Evesham, losing enrollment, considers closing a school

Sue Harrison (left) talks with Sandy Student, president of the Evesham Board of Education.
Sue Harrison (left) talks with Sandy Student, president of the Evesham Board of Education. (ELIZABETH ROBERTSON / Staff Photographer)
Posted: November 04, 2013

How does a suburban school district deal with declining enrollment?

Burlington County's Evesham Township is grappling with that question and the thorny issues it touches upon, such as stabilizing property taxes and how to raise revenue.

To some in town, the options for dealing with a 14 percent enrollment drop aren't pretty.

A committee of officials, school employees, and residents formed under a district strategic plan the school board adopted this year has held a few meetings to consider the possibilities.

The main options being looked at, according to Superintendent John Scavelli, include closing Florence V. Evans Elementary School, beloved by its families.

The committee is also reexamining the state's Interdistrict Public School Choice Program, which would bring in revenue by taking students from other districts, most likely from lower-income households.

Three years ago, the Board of Education voted down the idea in a heated meeting. One resident spoke in favor of the program, but many others expressed concern it would lower their property values and compromise their schools' educational quality.

Sandy Student, president of the school board, opposes closing the school, which has a little more than 500 students. At a recent meeting, Scavelli said closing it would bring a one-time saving of $1 million. Student also opposes the choice program, which Scavelli said could generate about $200,000 in the first year.

Student said the district should be looking at other courses of action, like selling 19 unused acres on Route 73 and 15 acres in a residential section, which he said was being appraised. Other options should include shifting and possibly reducing staff, he said.

"You got to think outside the box," he said. "If something was defeated . . . why bring it up again?"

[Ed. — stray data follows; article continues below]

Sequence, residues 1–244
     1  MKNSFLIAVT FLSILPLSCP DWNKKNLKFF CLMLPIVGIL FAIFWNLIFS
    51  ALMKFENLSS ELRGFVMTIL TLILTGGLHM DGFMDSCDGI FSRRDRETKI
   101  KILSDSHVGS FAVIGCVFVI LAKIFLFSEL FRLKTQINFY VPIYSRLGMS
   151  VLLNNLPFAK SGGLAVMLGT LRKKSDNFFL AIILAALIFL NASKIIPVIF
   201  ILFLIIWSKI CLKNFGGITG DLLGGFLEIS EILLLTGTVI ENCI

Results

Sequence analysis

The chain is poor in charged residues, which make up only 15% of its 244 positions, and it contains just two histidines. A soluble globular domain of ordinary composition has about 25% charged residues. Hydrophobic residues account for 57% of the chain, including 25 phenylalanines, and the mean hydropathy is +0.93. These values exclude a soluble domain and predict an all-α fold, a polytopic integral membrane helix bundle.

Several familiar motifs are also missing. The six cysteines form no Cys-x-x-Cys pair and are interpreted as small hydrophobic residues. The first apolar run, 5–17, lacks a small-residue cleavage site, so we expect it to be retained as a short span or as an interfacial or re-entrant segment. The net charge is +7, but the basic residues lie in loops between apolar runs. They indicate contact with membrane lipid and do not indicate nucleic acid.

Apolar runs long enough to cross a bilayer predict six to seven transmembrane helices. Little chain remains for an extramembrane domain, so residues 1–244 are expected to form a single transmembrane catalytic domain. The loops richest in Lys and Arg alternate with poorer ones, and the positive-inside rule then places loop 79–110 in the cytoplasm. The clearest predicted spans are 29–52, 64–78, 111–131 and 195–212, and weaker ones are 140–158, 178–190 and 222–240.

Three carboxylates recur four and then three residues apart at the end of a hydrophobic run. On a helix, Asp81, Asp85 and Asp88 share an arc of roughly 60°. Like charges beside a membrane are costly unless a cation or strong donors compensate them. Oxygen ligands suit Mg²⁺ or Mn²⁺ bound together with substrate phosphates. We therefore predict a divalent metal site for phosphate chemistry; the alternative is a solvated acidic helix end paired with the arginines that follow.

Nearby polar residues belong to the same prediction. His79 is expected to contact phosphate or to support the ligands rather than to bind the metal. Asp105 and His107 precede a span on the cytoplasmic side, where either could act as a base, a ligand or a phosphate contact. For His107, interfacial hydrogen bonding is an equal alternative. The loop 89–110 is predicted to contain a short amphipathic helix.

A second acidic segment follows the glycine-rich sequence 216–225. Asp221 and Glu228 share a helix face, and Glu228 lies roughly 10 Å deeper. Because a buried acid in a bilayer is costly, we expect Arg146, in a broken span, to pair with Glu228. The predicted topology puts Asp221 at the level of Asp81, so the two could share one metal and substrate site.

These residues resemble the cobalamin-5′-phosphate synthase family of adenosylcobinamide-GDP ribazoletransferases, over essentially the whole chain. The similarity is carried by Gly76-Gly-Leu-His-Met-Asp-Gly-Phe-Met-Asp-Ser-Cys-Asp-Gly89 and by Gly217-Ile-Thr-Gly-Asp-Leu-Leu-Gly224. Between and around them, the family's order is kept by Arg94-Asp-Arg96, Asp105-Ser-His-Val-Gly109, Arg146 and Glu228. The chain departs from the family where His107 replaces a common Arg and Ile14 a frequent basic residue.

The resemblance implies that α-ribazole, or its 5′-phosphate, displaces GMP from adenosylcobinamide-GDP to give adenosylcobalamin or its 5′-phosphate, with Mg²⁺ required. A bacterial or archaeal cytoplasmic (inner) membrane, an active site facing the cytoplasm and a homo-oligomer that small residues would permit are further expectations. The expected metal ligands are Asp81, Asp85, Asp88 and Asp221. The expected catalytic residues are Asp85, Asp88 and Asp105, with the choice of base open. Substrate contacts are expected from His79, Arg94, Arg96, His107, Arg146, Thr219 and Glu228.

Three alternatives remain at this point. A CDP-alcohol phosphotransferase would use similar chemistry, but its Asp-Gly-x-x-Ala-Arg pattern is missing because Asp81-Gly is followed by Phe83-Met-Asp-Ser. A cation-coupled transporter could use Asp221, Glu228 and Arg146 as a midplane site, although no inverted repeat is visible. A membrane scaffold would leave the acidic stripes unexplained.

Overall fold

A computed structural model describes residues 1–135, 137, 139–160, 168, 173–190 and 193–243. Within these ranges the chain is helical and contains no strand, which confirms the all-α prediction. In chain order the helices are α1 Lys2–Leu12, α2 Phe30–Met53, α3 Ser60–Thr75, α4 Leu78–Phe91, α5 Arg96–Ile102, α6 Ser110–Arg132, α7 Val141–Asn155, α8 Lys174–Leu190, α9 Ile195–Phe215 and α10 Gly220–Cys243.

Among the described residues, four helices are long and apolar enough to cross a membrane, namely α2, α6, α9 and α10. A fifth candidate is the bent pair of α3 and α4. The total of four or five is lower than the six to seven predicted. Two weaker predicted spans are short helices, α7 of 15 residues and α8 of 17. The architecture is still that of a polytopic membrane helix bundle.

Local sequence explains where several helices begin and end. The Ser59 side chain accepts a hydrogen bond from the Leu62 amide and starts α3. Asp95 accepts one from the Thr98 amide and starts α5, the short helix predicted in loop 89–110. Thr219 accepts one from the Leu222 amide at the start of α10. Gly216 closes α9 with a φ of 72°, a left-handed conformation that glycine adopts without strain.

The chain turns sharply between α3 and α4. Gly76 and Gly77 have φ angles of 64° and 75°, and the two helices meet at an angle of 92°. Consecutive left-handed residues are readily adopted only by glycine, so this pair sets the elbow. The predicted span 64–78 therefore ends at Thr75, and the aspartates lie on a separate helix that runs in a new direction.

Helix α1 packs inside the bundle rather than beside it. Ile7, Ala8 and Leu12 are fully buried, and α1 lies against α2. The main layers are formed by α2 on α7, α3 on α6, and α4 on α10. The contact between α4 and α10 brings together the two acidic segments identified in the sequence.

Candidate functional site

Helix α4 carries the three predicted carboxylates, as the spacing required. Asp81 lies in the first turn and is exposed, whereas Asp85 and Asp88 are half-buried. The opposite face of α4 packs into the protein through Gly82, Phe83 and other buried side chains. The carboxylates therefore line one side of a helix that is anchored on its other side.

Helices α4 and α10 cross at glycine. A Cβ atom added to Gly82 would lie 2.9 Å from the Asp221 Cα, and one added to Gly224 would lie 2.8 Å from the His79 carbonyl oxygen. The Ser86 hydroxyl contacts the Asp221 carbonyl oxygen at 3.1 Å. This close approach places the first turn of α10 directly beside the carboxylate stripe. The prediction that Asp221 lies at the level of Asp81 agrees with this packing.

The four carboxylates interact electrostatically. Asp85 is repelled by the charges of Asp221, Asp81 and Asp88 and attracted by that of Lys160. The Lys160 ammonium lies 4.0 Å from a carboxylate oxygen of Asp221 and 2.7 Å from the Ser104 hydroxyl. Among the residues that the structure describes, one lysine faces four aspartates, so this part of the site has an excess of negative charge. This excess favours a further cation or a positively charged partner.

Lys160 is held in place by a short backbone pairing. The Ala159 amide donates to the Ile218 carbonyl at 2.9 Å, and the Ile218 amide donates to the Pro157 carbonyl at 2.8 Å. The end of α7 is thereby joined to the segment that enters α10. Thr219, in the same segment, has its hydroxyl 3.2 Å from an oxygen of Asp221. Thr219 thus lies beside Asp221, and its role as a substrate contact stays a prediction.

Mayor Randy Brown called closing a school a "hare-brained scheme" that could hinder the township's development push, which includes proposed new retail and more than 600 new housing units. He said it could also lower property values for neighbors of Evans and lead to increased taxes.

"It would be an economic disaster," Brown said. "It would be a community disaster to close any school."

He also suggested the school might be needed. More than 300 new homes and townhouses have been approved, and some of them will have families, he said.

Evesham's population rose from 42,275 in 2000 to 45,538 in 2010, and the township added 212 people from 2010 to 2012.

Nevertheless, Scavelli said the district, which has about 4,600 students, had undergone a 741-pupil decline in the last 10 years. In addition, he said, the firm doing demographic studies for the district took into account proposed new housing and projected a further net decline of 269 students by 2017-18. Fewer children are being born in the community, Scavelli said.

Nancy Jamanow, township community development director, also pointed out that several over-55 communities had sprouted in the township.

The district has recurring financial challenges, Scavelli said.

The state's 2 percent cap on tax increases allows for a spending increase of only $1 million a year, and the board has approved going to the limit only once, he said.

"We begin each year needing up to as much as $2 million" for employee contractual obligations, as well as other needs, he said.

The families of the more than 500 students at Evans, one of the district's oldest schools, do not want to see it closed.

"It makes us horribly sad," said Terri Verrone, a Parent Teacher Association officer with two children at Evans. "It's a great school. It's a great community."

She worries, too, about the impact a closing would have on Evesham's ability to attract new families.

"It can't be attractive to families when a school closes," she said. "It can't be good."

PTA president Margie Abate said parents would do everything they could to keep the school open.

"It's more like a family than just sending your kids to school," she said.




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